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3. The marketable value of any assigned quantities of two, or more commodities, are (pro hic et nunc) equal, when they will exchange one for another. As, supposing one bushel of wheat, two bushels of barley, thirty pounds of lead, and one ounce of silver, will now in the market be taken one for another, they are then of equal worth: and, our coin being that which Englishmen reckon by, an Englishman would say, that now one bushel of wheat, two bushels of barley, thirty pounds of lead, and one ounce of silver, were equally worth five shillings.

4. The change of this marketable value of any commodity, in respect of another commodity, or in respect of a standing, common measure, is not the altering of any intrinsic value, or quality, in the commodity; (for musty and smutty corn will sell dearer at one time than the clean and sweet at another) but the alteration of some proportion which that commodity bears to something else. 5. This proportion in all commodities, whereof

money is one, is the proportion of their quantity to the vent. The vent is nothing else but the passing of commodities from one owner to another in exchange; and is then called quicker, when a greater quantity of any species of commodity is taken off from the owners of it, in an equal space of time.

6. This vent is regulated, i. e. made quicker or slower, as greater or less quantities of any saleable commodity are removed out of the way and course of trade; separated from public commerce; and no longer lie within the reach of exchange. For, though any commodity should shift hands ever so fast, and be exchanged from one man to another; yet, if they were not thereby exempted from trade and sale, and did not cease to be any longer traffic, this would not at all make or quicken their vent. But this, seldom or never happening, makes very little or no alteration.

7. Things are removed out of the market, or hands of commerce, and so their vent altered three ways; 1. By consumption, when the commodity in its use is destroyed, as, meat, drink, and clothes, &c. all that

is so consumed is quite gone out of the trade of the world. 2. By exportation; and all that is so carried away is gone out of the trade of England, and concerns Englishmen no more in the price of their commodities among themselves for their own use, than if it were out of the world. 3. By buying and laying up for a man's private use. For what is by any of these ways shut out of the market, and no longer moveable by the hand of commerce, makes no longer any part of merchantable ware, and so, in respect of trade, and the quantity of any commodity, is not more considerable than if it were not in being. All these three terminating at last in consumption of all commodities, (excepting only jewels and plate, and some few others, which wear out but insensibly) may properly enough pass under that name. Engrossing too has some influence on the present vent: but this inclosing some considerable part of any commodity, (for if the engrossing be of all the commodity, and it be of general use, the price is at the will of the engrosser) out of the free common of trade, only for some time, and afterwards returning again to sale, makes not usually so sensible and general an alteration in the vent as the others do: but yet influences the price, and the vent more, according as it extends itself to a larger portion of the commodity, and hoards it up longer.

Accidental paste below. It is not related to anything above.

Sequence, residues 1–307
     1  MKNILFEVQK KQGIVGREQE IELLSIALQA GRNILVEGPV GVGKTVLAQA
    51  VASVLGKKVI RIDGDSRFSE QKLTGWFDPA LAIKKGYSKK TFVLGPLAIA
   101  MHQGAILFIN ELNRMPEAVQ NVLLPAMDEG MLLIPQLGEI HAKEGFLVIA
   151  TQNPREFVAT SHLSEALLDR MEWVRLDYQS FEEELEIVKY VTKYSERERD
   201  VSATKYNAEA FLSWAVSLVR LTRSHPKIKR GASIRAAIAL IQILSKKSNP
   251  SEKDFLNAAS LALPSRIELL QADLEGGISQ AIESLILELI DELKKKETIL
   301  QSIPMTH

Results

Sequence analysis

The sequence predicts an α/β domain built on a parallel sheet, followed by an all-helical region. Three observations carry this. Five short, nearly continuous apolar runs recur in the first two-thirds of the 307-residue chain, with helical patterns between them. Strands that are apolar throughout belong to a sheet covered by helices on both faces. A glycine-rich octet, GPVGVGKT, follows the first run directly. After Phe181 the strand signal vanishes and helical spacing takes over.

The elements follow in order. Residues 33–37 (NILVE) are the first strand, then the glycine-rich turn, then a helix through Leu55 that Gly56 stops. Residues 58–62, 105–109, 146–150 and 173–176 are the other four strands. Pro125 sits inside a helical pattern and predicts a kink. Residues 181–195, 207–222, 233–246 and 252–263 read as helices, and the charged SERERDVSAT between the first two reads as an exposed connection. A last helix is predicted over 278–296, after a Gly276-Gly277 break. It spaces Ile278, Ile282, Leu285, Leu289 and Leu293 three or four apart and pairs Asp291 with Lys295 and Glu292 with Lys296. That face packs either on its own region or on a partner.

8. Most other portable commodities (excepting jewels, plate, &c.) decaying quickly in their use, but money being less consumed, or increased, i. e. by slower degrees removed from, or brought into the free commerce of any country, than the greatest part of other merchandize; and so the proportion between its quantity and vent altering slower than in most other commodities; it is commonly looked on as a standing measure, to judge of the value of all things, especially being adapted to it by its weight and denomination in coinage.

9. Money, whilst the same quantity of it is passing up and down the kingdom in trade, is really a standing measure of the falling and rising value of other things, in reference to one another: and the alteration of

price

is truly in them only. But if you increase, or lessen, the quantity of money, current in traffic, in any place, then the alteration of value is in the money: and if at the same time wheat keep its proportion of vent to quantity, money, to speak truly, alters its worth, and wheat does not, though it sell for a greater or less price than it did before. For money, being looked upon as the standing measure of other commodities, men consider and speak of it still as if it were a standing measure, though, when it has varied its quantity, it is plain it is not.

10. But the value or price of all commodities, amongst which money passing in trade is truly one, consisting in proportion, you alter this, as you do all other proportions, whether you increase one, or lessen the other.